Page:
It all comes down to the fact that Gordon adheres to the increasingly unacceptable narrative of sexuality that reserves sexual intimacy to men and women in marriage and as part of its student code of conduct requires students to refrain from any sexual intimacy outside this relationship. According to a Boston Globe article:

“The college’s website lists policies for students, faculty, and staff that ban them from engaging in “homosexual practice” on or off campus. The standards also forbid sex outside marriage, drunkenness, blasphemy, profanity, theft, and dishonesty.”

It seems that the major concern is that this is discriminatory toward those who engage in homosexual practice. Not mentioned is that it is also discriminatory toward heterosexuals who engage in sex outside of marriage. It discriminates against those who steal and lie, including, I suspect acts of academic dishonesty. No one seems to be objecting to an institution enforcing standards in these areas.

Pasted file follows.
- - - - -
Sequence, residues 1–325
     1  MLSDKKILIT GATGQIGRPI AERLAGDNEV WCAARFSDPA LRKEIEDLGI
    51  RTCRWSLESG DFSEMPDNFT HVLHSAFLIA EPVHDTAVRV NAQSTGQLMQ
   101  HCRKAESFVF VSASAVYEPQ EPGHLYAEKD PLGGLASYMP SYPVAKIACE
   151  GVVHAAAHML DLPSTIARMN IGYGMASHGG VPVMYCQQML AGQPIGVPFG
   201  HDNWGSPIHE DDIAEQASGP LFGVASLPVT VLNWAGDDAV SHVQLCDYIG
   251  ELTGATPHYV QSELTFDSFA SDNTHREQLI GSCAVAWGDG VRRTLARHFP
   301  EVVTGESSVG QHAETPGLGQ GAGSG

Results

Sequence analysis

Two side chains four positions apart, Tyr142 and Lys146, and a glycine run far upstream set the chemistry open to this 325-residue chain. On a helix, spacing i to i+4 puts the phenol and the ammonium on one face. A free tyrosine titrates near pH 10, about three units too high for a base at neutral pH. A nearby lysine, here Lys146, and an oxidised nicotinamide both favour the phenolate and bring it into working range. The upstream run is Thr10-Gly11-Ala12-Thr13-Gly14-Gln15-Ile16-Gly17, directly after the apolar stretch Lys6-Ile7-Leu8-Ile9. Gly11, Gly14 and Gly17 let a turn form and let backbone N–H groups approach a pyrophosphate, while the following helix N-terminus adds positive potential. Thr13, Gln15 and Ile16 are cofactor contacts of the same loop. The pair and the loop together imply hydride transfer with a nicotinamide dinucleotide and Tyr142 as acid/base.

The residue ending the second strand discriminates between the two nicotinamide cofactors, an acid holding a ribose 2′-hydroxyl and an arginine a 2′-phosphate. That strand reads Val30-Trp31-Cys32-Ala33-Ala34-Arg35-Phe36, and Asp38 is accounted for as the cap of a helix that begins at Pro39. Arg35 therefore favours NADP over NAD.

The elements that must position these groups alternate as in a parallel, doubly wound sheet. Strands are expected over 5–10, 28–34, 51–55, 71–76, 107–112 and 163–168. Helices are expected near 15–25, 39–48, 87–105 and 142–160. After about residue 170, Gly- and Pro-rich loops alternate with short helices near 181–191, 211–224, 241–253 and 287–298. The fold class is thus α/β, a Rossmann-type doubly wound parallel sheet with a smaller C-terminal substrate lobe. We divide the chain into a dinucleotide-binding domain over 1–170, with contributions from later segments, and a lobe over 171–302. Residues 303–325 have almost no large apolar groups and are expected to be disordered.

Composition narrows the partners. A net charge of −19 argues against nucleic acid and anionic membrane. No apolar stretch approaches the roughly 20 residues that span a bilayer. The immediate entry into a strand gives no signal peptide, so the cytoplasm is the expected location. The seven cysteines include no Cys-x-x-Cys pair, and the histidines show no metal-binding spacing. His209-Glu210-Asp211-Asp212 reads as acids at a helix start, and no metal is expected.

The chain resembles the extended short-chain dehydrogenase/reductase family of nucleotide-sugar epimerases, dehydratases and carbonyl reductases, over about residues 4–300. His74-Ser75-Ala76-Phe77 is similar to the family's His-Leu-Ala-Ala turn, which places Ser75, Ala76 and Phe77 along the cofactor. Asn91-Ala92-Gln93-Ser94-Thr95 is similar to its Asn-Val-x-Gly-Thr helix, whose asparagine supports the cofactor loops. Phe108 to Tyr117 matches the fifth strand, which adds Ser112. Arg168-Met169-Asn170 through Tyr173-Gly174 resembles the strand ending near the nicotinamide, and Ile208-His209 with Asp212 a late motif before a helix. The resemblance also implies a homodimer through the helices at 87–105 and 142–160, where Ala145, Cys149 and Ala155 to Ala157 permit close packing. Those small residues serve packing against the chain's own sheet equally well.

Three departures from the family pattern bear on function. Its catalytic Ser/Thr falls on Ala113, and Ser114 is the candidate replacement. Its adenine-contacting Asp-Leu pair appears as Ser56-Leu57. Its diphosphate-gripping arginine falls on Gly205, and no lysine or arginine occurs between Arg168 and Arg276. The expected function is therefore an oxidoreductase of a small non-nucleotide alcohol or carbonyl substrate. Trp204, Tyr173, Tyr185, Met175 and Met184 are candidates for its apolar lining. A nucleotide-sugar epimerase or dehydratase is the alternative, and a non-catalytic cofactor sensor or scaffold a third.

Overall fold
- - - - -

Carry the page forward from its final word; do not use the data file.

My point is not to enter the contentious landscape of this debate for or against. It is to observe that there is an implicit privileging of a sexual narrative that is occurring here against the consciences of those who hold a different narrative. It essentially is saying that all groups who intersect with public life (and it is very hard not to) must adhere to this new sexual orthodoxy or else be removed from the public square.

One of the more troubling aspects of this struggle for sexual hegemony is the Western secular cultural imperialism that it imposes, not only on those who hold more traditional views in the West but also upon those who come to the West (including our colleges and universities) from other more traditional societies in South America, Africa, and Asia. Likewise, advocates for this new sexual narrative have tried to impose this on religious bodies with constituencies in these countries. From interactions with acquaintances in these parts of the world, there is great anger toward the West because it is one more example of imperialism and colonialism in a post-colonial world.